Hammock example of everyday hero

Being a mother, working a full-time job and battling cancer. These three descriptions shouldn’t be together, but this is exactly what Tiffiney Hammock faced in April 2012.
May 28, 2014
Tiffiney Hammock

 

Being a mother, working a full-time job and battling cancer. These three descriptions shouldn’t be together, but this is exactly what Tiffiney Hammock faced in April 2012. 

Breast cancer was the diagnosis, and the first hurdle Hammock faced was a lumpectomy.

From the moment she realized she had cancer, Hammock feared the idea of a mastectomy. After several surgeries attempting to remove the cancer, her doctor said her only chance for survival would be to remove her breast. Hammock’s first instinct was to refuse, but her husband, Samuel Hammock, encouraged her to fight.

With her family supporting her, Hammock faced the mastectomy she dreaded, only to find out she would face chemotherapy as her second hurdle in August. 

“I sat in the parking lot for an hour trying to work up the courage to go in,” said Hammock about her first chemo treatment. But as she sat in the waiting room with tears streaming down her face, a fellow fighter came to her rescue. A man who was further along in his treatment came across the room to sit with her and hold her hand. He told her he had been right where she was and that he would come and hold her hand for every treatment if that’s what she needed him to do.

Throughout her visits to the doctor, Hammock said she kept hearing about this woman named Sherry who had also fought cancer. At the time, Hammock said, “I just wasn’t ready to hear a story about a woman who had died. I just didn’t know why everyone wanted me to know about this Sherry lady.”

She would continue with the chemo treatment every three weeks, and though it made her sick, she kept a positive outlook.

“If I believe it...I will receive it,” she said. 

She also faced several infections that caused her to need extra surgeries. Because of the illness that accompanied Hammock’s treatments and the extra surgeries, she had to miss work for several months, putting a greater strain on the family’s already tight budget. So, when Hammock was referred to Sherry’s Run again in January 2013 by the Castillian Springs Utilities, she was finally ready to see what it was all about.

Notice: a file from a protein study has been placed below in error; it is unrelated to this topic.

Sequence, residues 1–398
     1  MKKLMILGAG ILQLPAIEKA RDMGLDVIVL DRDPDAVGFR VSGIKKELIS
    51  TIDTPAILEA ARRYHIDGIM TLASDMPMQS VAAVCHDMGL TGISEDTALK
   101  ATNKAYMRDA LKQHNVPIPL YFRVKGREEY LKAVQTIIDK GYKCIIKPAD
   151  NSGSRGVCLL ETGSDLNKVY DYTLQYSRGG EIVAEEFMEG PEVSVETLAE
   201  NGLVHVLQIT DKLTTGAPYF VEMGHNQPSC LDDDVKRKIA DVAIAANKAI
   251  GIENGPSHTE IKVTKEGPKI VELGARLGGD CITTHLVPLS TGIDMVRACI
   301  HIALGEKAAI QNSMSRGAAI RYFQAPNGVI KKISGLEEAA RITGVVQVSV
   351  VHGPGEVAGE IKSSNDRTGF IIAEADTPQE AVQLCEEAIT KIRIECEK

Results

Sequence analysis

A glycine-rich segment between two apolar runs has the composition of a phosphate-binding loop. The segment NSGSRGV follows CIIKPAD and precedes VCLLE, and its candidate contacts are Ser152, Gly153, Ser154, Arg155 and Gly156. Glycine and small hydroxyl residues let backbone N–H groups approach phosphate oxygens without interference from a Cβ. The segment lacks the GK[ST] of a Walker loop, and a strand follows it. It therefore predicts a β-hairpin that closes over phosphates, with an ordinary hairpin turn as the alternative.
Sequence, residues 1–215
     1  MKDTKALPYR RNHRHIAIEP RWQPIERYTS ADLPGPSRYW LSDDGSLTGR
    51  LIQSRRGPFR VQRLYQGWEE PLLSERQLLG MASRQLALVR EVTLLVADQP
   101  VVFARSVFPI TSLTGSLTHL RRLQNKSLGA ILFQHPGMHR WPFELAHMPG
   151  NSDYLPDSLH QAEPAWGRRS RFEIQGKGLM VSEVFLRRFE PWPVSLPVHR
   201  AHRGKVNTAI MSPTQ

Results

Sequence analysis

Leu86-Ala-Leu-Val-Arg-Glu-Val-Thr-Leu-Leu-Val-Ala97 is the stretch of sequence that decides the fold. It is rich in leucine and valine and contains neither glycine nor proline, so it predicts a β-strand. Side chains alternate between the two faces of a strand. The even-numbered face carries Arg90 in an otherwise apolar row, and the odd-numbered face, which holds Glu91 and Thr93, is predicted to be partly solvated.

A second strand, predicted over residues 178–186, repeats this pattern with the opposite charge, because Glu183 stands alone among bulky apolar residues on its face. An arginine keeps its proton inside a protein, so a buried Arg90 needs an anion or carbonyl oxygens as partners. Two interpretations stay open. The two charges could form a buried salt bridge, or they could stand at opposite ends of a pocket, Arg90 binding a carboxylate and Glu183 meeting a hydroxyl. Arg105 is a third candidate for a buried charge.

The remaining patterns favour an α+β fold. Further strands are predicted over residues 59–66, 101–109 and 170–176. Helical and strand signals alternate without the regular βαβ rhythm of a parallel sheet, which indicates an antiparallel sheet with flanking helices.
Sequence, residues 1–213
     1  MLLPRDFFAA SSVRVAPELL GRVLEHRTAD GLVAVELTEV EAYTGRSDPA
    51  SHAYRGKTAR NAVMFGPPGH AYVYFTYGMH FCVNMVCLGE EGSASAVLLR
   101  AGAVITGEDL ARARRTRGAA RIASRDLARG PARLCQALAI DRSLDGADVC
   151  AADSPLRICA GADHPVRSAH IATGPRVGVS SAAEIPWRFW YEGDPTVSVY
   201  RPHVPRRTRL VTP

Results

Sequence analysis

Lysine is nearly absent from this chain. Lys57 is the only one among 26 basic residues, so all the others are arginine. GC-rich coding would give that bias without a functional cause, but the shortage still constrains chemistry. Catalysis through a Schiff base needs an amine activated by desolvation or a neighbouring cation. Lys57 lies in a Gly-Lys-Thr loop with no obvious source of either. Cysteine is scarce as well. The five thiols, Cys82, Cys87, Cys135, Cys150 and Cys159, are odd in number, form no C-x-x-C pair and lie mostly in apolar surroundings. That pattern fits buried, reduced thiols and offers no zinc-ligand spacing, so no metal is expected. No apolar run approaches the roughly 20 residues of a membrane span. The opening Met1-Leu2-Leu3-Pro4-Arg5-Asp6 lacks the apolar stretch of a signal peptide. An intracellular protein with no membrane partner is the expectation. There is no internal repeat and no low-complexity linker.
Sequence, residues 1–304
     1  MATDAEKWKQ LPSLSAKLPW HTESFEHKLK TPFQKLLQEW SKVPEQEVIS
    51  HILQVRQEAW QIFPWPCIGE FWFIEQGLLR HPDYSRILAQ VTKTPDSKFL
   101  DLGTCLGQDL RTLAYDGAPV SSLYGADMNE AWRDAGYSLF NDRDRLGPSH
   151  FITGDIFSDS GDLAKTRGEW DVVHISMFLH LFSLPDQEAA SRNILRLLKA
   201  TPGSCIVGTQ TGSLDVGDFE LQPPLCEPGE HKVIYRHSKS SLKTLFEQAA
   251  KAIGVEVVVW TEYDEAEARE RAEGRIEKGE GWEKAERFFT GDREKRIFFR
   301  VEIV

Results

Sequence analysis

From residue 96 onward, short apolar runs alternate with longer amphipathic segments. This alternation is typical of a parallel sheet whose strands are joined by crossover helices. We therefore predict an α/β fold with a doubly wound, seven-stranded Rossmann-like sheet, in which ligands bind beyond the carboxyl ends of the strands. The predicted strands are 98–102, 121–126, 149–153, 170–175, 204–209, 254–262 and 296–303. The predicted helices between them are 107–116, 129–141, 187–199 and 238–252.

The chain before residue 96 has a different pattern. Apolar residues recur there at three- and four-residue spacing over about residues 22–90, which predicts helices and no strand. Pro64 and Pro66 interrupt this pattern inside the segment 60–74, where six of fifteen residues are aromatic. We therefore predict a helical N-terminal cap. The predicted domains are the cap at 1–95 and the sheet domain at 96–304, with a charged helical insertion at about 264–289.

When she called and spoke with Tonyia Watson, Sherry’s Run director of patient assistance, she was overwhelmed by the generosity. 

“It was so refreshing to find people who genuinely cared,” said Hammock.

Now, more than a year later, Hammock is cancer free, on the mend and grateful. She said she already feels like a survivor and believes everything she went through was a blessing that brought her closer to God and closer to her family who loved and supported her. She wants to pay forward the blessing she has received.

“Now I try to pass along Sherry to others who are battling like me,” she said.

The 11th annual Sherry’s Run is scheduled for Sept. 13 at 8 a.m. on the west lawn of Wilson Bank & Trust at 623 W. Main St. in Lebanon. 

The mission of Sherry’s Run is “Through faith and love create an environment for all those affected by cancer, which provides hope, knowledge, assistance, support and compassion.

To learn more about Sherry’s Run, call 615-925-2592. To refer someone who might qualify for assistance, call 615-925-9932 or visit sherrysrun.org.

 

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